Current Ratio

How well is your business positioned to pay its current bills over the next 12 months. If these ratios are below normal or trending downward - it could be an eye opening sign that your business is in financial chaos and, if steps are not taken NOW, could be out of business very quickly.

Please Input The Following:

 What are current assets?
 What are current liabilities?
Your Current Ratio Is:

Interpret Your Results:

Try to think about this ratio in terms of dollars.

A ratio of 1.75 would show that the business has $1.75 of current assets to cover each $1.00 in current liabilities.

This number should always be greater than 1 - if it is not, your business has more bills to pay then liquid assets to pay them.

For most businesses, this ratio hovers between 1.50 to 1.90

Click Here - to see possible ways to improve this ratio

Quick Ratio

While current assets (from above) can include assets that can be converted to cash within a year - very few suppliers, landlords or other creditors will wait that long to get paid.
The Quick Ratio is a measure to determine if your business can satisfy its immediate (under 90 day) obligations using extremely liquid assets.

Please Input The Following:

 What is cash?
 What are accounts receivables?
 What are current liabilities?
If you've calculated the Current Ratio above,
Your current liabilities will automatically appear here.
Your Quick Ratio Is:

Interpret Your Results:

Try to think about this ratio in terms of dollars.

A ratio of 0.75 would show that your business has $0.75 in very liquid assets to cover all your current obligations (some of which may not be due immediately).

Note: For service businesses the current and quick ratios are usually very similar.

This ratio usually averages between 0.70 and 0.90

Click Here - to see possible ways to improve this ratio

Ways to Improve:

Current Ratio: The most obvious way to improve this ratio and better position your business to cover its short-term obligations is to better manage your current liabilities (more specifically your accounts payables) – the least amount of obligations your business has, the more its current assets will cover (however, just taking cash – a current asset – and paying accounts payables – a current liability – keeps this ratio unchanged). The goal is to have more current assets than liabilities – assets that can be used to grow or expand the business. This could be done by:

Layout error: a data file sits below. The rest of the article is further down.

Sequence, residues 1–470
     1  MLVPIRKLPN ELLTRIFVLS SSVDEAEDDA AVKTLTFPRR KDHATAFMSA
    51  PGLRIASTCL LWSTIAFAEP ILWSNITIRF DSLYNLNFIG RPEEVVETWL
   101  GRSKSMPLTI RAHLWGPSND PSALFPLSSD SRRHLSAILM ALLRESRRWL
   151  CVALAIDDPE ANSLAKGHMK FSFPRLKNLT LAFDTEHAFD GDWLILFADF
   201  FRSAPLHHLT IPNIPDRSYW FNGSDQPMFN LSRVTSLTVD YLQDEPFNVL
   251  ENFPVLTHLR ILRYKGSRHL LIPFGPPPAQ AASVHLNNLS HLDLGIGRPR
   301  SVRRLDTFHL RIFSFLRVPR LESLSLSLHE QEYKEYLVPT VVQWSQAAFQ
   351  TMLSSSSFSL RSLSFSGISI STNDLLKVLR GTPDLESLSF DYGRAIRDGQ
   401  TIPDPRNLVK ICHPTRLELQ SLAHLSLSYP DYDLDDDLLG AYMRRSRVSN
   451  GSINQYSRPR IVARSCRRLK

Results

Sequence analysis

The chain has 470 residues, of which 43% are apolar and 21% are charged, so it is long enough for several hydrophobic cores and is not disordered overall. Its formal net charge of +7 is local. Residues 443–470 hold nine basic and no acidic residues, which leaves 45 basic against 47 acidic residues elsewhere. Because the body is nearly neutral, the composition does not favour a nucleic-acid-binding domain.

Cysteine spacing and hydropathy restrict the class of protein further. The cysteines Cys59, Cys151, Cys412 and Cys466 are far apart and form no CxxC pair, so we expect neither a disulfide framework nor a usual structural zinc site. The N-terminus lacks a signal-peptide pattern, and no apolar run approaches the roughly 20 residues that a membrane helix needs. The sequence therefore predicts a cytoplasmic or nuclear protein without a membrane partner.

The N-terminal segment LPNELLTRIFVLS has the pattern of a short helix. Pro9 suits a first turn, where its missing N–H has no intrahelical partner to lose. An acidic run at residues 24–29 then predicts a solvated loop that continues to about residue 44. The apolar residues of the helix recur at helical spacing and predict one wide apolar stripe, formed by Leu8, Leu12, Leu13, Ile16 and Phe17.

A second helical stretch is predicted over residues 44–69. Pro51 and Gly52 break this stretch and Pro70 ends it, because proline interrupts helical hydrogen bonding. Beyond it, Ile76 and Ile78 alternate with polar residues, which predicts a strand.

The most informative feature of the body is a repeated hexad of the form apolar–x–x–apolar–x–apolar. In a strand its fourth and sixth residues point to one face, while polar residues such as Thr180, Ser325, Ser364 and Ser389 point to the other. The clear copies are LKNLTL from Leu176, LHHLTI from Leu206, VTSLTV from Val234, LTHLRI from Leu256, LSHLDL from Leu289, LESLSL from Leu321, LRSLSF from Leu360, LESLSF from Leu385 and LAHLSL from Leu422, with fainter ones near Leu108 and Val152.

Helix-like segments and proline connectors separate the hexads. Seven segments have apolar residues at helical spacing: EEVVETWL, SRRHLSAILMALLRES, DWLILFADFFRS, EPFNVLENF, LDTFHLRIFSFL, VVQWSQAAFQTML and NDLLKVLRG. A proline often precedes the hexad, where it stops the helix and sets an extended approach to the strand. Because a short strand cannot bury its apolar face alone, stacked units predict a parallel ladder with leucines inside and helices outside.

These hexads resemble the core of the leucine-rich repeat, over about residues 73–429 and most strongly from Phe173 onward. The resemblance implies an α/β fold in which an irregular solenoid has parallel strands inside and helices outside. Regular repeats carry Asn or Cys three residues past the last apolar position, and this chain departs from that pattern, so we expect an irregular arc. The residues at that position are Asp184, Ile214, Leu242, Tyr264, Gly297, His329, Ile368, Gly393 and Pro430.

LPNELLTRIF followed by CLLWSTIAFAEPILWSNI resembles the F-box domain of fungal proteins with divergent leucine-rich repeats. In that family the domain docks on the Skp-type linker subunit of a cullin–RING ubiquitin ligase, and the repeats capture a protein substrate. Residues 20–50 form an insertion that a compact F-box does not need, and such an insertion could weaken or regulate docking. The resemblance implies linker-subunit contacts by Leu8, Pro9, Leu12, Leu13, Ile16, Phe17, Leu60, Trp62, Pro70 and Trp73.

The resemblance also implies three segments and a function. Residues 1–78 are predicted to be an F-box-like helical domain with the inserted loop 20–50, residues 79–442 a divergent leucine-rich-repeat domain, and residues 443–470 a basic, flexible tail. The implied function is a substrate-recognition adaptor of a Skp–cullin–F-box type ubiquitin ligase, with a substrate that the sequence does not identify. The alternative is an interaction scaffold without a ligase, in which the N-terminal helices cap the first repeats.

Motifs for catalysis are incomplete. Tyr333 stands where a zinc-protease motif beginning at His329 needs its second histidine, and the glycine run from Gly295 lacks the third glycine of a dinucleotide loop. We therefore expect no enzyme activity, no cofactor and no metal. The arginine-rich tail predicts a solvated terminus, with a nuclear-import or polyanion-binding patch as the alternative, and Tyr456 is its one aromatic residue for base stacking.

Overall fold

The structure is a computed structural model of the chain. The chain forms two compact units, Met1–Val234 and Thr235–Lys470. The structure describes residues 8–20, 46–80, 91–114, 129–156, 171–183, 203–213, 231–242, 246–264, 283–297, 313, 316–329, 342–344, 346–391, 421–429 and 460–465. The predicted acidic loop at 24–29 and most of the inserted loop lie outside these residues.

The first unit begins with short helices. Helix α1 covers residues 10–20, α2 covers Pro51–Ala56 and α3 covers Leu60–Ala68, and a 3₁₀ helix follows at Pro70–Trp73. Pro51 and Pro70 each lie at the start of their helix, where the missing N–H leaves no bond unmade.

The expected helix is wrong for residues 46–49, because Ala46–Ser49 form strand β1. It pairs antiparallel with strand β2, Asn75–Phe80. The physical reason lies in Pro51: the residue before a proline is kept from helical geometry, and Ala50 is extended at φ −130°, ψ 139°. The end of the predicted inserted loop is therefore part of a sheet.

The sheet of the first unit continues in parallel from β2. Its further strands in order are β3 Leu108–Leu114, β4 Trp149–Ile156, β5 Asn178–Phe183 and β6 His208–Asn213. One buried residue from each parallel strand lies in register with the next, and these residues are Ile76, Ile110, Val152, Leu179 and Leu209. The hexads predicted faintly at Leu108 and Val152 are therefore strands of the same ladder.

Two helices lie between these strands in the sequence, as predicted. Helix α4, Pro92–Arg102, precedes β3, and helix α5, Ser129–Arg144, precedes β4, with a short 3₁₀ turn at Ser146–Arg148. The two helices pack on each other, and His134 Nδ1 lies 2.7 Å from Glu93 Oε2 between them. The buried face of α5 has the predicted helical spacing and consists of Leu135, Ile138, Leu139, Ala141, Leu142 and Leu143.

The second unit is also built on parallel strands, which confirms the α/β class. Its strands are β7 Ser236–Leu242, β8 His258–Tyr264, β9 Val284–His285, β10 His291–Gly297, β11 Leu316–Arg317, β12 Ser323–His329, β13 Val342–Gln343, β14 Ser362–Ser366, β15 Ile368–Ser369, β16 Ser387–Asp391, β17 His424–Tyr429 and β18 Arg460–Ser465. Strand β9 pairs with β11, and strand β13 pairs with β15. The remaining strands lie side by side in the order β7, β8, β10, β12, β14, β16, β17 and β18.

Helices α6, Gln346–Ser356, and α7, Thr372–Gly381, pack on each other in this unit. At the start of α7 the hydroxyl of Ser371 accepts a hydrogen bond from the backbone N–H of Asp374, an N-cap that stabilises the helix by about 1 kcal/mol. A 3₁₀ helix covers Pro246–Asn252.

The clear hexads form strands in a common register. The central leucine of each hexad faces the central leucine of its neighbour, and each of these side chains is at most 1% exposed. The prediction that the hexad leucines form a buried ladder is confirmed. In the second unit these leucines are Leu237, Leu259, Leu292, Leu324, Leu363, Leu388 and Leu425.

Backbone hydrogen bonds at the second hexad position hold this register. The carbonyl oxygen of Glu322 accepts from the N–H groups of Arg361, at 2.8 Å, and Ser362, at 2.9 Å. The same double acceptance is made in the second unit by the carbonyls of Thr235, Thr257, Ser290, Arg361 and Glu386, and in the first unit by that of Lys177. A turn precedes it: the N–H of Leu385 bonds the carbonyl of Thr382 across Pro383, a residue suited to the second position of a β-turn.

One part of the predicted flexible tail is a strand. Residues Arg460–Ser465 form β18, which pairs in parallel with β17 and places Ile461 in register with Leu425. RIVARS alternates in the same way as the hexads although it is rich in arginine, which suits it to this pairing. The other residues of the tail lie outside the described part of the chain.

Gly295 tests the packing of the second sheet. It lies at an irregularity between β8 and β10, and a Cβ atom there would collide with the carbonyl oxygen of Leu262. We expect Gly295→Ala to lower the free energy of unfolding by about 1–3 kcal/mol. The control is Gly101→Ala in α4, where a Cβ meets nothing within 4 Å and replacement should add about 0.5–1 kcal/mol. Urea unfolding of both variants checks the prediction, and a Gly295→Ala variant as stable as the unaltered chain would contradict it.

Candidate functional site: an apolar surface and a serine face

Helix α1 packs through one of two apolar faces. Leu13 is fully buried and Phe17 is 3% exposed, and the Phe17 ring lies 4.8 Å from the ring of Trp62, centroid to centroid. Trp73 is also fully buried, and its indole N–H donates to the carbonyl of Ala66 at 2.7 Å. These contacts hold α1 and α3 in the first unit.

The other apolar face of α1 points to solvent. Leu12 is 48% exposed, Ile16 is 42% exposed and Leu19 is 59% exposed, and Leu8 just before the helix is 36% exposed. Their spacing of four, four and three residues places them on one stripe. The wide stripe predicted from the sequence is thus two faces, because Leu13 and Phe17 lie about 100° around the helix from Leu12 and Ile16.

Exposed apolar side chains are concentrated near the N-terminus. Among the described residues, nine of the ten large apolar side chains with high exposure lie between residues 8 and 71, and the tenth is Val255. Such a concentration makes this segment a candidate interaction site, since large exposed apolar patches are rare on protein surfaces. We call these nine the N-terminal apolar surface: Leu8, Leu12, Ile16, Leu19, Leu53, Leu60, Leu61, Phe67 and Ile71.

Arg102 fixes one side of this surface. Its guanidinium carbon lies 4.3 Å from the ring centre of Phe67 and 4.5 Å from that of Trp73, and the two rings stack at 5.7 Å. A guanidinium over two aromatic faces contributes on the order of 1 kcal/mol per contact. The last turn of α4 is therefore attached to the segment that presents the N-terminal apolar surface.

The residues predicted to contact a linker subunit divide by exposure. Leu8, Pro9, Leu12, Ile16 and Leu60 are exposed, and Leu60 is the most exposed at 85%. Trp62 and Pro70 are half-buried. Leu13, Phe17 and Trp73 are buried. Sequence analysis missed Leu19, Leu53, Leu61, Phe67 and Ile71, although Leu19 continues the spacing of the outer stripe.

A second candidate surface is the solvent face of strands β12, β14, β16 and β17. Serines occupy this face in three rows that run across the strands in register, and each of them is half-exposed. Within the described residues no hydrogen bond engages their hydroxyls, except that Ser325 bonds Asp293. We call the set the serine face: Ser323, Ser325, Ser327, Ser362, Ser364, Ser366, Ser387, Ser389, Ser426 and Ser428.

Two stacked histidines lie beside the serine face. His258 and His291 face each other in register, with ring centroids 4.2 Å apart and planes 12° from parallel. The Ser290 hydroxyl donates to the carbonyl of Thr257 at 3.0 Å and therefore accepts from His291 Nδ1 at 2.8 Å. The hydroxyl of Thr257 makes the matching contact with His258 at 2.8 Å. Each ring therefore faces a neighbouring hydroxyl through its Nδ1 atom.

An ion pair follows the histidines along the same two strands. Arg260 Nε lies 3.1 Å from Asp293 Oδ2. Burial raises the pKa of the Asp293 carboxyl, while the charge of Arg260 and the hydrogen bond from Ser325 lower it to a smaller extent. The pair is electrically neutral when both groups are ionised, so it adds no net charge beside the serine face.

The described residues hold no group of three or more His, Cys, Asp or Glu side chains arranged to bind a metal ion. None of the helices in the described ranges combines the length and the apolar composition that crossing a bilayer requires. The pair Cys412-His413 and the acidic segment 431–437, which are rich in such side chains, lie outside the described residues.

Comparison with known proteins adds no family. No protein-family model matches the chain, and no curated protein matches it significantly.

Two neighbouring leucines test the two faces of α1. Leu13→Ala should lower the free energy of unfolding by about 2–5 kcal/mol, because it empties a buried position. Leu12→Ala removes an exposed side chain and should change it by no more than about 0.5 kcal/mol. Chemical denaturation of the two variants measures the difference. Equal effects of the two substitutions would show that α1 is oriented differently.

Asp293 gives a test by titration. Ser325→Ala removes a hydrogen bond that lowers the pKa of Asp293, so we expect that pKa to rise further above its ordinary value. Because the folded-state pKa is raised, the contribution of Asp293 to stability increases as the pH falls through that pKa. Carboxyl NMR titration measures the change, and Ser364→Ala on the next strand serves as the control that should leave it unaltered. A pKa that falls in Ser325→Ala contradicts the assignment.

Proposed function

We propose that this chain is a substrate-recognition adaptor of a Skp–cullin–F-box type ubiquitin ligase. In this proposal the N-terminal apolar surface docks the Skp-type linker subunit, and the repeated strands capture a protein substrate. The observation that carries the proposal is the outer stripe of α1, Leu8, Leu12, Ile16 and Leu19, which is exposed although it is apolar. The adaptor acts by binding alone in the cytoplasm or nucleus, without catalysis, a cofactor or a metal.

• Financing your operating cycle by means other than current liabilities – like using equity, cash or long-term debt.

Or, the business could also increase current assets faster than current liabilities – meaning adding cash to the business or increasing other current assets like accounts receivables, inventory or prepaid expenses faster than liabilities increase (however, none of this should be done at the expense of the business e.g. not collecting receivables in a timely manner (cash is always better), unnecessarily increasing inventory or recklessly spending cash on items like prepaid expenses; cash that could be used for growth and development).

The goal is to generate cash, accounts receivables or inventory without having to spend cash or finance them with current liabilities (debt or payables). This could be done by:

  • Generate more profit (cash) out of each sale by increasing profit (as long as it is competitive within your industry), reducing your costs of goods sold (making your product with less cost or providing your service with less costs) or finding efficiencies throughout your operating cycle.
  • Purchasing inventory with cash, equity or long-term debt – not current obligations (long-term debt is not recommended to finance short-term needs or working capital).
  • Generating cash or receivables that do not rely on some type of financing – debt or trade payables.

- Back to Current Ratio -

Quick Ratio: As the quick ratio measures your companies ability to quickly liquidate assets or use cash on hand (assets that convert to cash in under 90 days) to pay business obligations like suppliers, landlords, taxes due, etc, your actions to improve this ratio and ultimately your business are similar to the current ratio above. The goal is to generate cash through your business without having to finance the growth (debt or payables).

- Back to Quick Ratio -

Other financial ratio calculations you may want to evaluate:

Disclaimer: These ratios are for education purposes only and are in no way an adequate substitute for a professional financial advisor.

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